A new type of hydrogen fuel cell uses bacteria to provide variable buoyancy, allowing an autonomous ocean sensor to surface and dive with ease. Rather than harvesting electricity from microbial metabolism, the system harvests the metabolic byproducts themselves. Read: gas.
The Naval Research Laboratory is calling the device a Zero Power Ballast Control, because it doesn’t require using any fuel source to move up and down in the water column.
In a recent test off the coast of Thailand, the system was used to move a bathythermograph sensor, a common ocean sensor that detects changes in water temperature and pressure at varying depths.
The cylindrical sensor consists of two chambers: an upper section containing all the electronics and valves, and a lower chamber that becomes pressurized while bacteria are growing, according to a Naval Research Lab news release. The cylinder was attached to a mooring line off a military pier in Sattahip, Thailand, and held in place for a week. In a series of tests, the bacteria produced enough hydrogen gas to make the cylinder float to the surface.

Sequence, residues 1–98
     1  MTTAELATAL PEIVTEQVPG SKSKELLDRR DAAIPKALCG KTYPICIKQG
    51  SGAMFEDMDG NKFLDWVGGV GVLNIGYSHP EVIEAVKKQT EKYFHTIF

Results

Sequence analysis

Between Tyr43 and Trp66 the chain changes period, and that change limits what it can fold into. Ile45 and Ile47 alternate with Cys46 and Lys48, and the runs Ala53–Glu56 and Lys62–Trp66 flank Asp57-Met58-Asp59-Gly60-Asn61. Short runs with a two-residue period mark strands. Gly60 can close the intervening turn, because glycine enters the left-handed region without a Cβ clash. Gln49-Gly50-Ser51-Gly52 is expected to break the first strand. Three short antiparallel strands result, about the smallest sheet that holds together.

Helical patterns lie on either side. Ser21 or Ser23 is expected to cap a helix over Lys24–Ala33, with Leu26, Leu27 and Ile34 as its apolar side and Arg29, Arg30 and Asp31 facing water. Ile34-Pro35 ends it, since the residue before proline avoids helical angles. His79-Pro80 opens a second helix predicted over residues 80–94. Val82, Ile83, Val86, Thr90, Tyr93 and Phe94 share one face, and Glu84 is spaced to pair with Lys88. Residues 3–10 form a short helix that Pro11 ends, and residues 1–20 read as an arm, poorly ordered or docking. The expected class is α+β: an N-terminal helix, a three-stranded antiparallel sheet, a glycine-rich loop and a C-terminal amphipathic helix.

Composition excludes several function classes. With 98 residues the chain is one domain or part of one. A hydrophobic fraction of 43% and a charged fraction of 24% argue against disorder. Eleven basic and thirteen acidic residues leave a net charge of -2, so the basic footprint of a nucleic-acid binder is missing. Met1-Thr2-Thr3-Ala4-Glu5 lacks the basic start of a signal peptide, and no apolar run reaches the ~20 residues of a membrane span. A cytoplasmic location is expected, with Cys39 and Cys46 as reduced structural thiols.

The researchers also used a very low-power timer, using between 1 and 10 milliwatts, to program the sensor to surface and dive on-demand. The bacterial gas generation was enough to power the timer. On-board sensors confirmed the cylinder’s rise and fall, according to researcher Justin Biffinger.
Microbial fuel cells convert chemical energy to electrical energy by tapping the protons and electrons produced in the redox reactions of metabolism. But this one takes it a step further, using gas as a buoyant material, rather than using energy to power a motor or a turbine.
This type of sensor could be used for a wide range of military and civilian ocean monitoring experiments, according to the Navy, from mine detection to meteorology and oceanography.
The experiment, called Crimson Viper, was conducted through a partnership between the U.S. Pacific Command and the Royal Thai Defense Science and Technology Department.